A day after Diwali, many parts of the country were shrouded in haze on Thursday as pollution levels spiked to dangerous levels with several people celebrating the festival of lights with sound and lots of smoke in defiance of the Supreme Court two-hour limit for bursting firecrackers. There was anguish and searching questions on the yawning gap between the law and its enforcement as the sun struggled to shine through murky skies, particularly in the Delhi-NCR region, which recorded its worst air quality of the year.
Pollution levels in the national capital and its surrounding areas entered the “severe-plus emergency” category due to a toxic mix of firecrackers, farm fires in neighbouring states and local weather conditions, authorities said.
The SC had permitted the sale and manufacture of low emission “green” firecrackers countrywide and fixed a two-hour period for bursting them.
In gross violation of the order, however, people burst firecrackers until at least midnight, two hours after the 8 pm-10 pm deadline, and even Thursday morning.
Loud bangs rent the air in New Delhi, where the air quality index (AQI) literally went off the charts at 642, several times over the permissible limit, according to data by the Centre-run SAFAR (System of Air Quality and Weather Forecasting and Research). This means that even healthy people may suffer from respiratory illnesses on a prolonged exposure to such air.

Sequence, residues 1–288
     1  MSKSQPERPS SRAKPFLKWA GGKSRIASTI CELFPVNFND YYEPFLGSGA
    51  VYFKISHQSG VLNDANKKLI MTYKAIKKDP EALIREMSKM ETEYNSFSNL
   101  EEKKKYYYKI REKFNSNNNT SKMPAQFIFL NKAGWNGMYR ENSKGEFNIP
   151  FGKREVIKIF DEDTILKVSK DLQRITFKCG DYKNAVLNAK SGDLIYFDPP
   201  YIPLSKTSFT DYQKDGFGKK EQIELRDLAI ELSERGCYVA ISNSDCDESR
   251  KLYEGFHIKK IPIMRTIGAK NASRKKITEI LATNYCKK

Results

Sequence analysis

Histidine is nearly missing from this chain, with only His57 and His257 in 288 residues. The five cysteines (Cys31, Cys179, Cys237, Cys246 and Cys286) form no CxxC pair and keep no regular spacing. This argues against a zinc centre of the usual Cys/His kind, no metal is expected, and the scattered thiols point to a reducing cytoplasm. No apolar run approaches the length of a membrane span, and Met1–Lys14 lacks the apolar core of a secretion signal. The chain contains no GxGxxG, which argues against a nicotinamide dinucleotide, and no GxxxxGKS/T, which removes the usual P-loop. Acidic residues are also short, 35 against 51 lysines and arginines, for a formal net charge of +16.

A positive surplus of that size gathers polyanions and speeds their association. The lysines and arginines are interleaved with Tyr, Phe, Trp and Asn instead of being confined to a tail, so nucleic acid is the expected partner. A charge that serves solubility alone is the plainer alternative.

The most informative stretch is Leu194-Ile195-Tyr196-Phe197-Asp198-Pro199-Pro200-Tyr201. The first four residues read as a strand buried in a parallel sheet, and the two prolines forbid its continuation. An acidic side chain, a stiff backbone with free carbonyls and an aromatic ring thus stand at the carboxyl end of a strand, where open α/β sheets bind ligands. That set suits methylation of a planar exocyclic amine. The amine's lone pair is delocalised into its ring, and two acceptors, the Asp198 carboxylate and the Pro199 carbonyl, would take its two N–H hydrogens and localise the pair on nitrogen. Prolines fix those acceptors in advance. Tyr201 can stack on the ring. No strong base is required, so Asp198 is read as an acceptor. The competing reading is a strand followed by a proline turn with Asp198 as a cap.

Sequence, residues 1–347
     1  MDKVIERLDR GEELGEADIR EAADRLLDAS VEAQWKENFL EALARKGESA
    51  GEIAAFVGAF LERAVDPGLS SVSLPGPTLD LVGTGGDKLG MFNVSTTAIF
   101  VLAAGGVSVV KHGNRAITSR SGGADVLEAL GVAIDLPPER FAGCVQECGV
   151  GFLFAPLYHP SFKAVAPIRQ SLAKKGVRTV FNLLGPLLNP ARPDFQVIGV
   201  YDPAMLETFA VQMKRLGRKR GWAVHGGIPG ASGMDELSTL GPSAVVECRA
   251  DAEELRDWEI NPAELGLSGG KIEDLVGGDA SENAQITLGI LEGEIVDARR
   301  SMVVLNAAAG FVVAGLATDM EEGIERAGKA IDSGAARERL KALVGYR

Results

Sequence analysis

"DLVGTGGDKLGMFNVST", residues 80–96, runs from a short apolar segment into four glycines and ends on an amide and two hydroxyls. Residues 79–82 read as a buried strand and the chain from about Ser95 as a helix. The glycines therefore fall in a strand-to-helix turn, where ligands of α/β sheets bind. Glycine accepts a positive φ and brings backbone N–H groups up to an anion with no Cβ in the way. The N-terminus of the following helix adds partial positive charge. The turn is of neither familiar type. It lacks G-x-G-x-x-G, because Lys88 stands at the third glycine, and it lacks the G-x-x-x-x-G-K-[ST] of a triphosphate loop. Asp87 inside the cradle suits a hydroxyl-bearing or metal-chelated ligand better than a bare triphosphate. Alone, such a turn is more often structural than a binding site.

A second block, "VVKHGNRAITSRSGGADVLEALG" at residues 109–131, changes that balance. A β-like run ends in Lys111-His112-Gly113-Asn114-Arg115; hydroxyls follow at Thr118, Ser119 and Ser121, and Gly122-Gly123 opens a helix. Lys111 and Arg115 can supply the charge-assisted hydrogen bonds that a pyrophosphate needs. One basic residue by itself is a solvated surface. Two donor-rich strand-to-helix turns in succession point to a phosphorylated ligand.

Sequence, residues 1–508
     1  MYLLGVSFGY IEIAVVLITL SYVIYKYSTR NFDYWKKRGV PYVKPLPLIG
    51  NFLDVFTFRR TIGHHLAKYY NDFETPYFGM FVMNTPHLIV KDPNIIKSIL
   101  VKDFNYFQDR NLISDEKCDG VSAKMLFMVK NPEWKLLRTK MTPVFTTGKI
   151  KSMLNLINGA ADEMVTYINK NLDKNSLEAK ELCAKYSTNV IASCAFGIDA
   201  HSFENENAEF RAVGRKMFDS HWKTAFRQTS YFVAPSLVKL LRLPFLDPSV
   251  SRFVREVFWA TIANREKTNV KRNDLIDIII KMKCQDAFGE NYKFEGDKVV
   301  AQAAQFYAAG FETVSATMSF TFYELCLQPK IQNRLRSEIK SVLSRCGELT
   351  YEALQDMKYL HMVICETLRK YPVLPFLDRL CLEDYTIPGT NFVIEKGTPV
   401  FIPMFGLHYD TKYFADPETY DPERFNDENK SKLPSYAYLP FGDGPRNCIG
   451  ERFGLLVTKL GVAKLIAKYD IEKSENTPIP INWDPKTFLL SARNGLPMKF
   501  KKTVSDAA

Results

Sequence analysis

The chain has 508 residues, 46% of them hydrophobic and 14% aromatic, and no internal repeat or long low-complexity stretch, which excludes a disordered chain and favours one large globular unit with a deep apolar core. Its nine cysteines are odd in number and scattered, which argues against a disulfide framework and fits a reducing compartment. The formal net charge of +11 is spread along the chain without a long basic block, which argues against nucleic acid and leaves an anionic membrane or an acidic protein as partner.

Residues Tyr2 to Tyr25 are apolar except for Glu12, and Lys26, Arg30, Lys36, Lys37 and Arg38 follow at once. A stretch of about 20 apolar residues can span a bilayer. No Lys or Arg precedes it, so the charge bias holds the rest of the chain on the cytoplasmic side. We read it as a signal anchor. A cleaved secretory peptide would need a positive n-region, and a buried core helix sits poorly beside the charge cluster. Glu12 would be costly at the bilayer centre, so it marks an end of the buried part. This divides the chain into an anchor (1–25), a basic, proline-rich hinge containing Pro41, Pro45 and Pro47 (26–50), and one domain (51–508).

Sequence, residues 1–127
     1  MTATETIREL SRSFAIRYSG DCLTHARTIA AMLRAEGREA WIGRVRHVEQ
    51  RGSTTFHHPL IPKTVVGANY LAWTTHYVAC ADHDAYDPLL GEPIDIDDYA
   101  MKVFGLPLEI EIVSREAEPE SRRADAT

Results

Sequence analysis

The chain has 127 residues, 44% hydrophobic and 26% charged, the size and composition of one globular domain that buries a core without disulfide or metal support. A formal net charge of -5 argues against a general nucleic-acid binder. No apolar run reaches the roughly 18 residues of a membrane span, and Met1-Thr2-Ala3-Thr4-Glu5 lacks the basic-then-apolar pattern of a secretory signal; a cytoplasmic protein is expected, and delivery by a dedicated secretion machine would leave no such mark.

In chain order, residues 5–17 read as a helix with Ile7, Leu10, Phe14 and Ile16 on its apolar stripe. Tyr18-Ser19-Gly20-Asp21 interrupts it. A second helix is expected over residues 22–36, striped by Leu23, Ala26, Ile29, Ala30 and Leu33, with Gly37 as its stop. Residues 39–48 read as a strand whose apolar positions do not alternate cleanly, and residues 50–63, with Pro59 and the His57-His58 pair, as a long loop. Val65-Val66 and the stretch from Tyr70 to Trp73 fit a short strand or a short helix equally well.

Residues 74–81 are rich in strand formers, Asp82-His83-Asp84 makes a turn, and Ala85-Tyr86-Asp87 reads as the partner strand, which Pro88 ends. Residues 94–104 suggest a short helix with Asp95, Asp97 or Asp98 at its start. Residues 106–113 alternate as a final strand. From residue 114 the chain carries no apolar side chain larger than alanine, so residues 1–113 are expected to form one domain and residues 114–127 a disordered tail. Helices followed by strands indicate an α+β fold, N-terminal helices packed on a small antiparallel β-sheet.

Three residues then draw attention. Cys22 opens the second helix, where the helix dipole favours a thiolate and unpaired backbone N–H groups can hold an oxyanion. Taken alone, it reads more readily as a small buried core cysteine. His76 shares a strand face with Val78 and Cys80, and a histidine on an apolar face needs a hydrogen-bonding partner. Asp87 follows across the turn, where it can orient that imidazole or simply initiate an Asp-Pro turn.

In 2017, the AQI post Diwali was recorded at 367.
An AQI between 0 and 50 is considered “good,” 51 and 100 “satisfactory,” 101 and 200 “moderate,” 201 and 300 “poor,” 301 and 400 “very poor,” and 401 and 500 “severe.” AQI above 500 falls in the “severe-plus emergency” category. AQI is the combined impact of different pollutants, including PM
(particulate matter) 10, PM 2.5, nitrogen and sulphur oxides and ozone.
Violations were also recorded in Mumbai, Kolkata, Jaipur, Chandigarh and other cities.
Delhi's air quality is expected to remain in the “severe” category over the next two days as the smoke emitted by firecrackers has slowed down the process of pollutant dispersion, a SAFAR report said.
The dystopian scenario was replicated elsewhere. In Uttar Pradesh, people in Lucknow and other key cities burst firecrackers well past midnight, resulting in “very poor” AQI. A thick blanket of smoke was noticed over the state capital and its neighbouring districts as a result of rampant burning of firecrackers. The situation was similar in parts Kolkata, which too recorded “very poor” AQI levels. More than 93 people were arrested for bursting firecrackers in the city till midnight on Diwali.
Rajasthan too faced a similar situation. According to the Rajasthan State Pollution Control Board, the PM 2.5 and PM 10 parameters at one centre in Jaipur were 330 and 205, respectively. Smaller towns like Kota and Ajmer fared no better.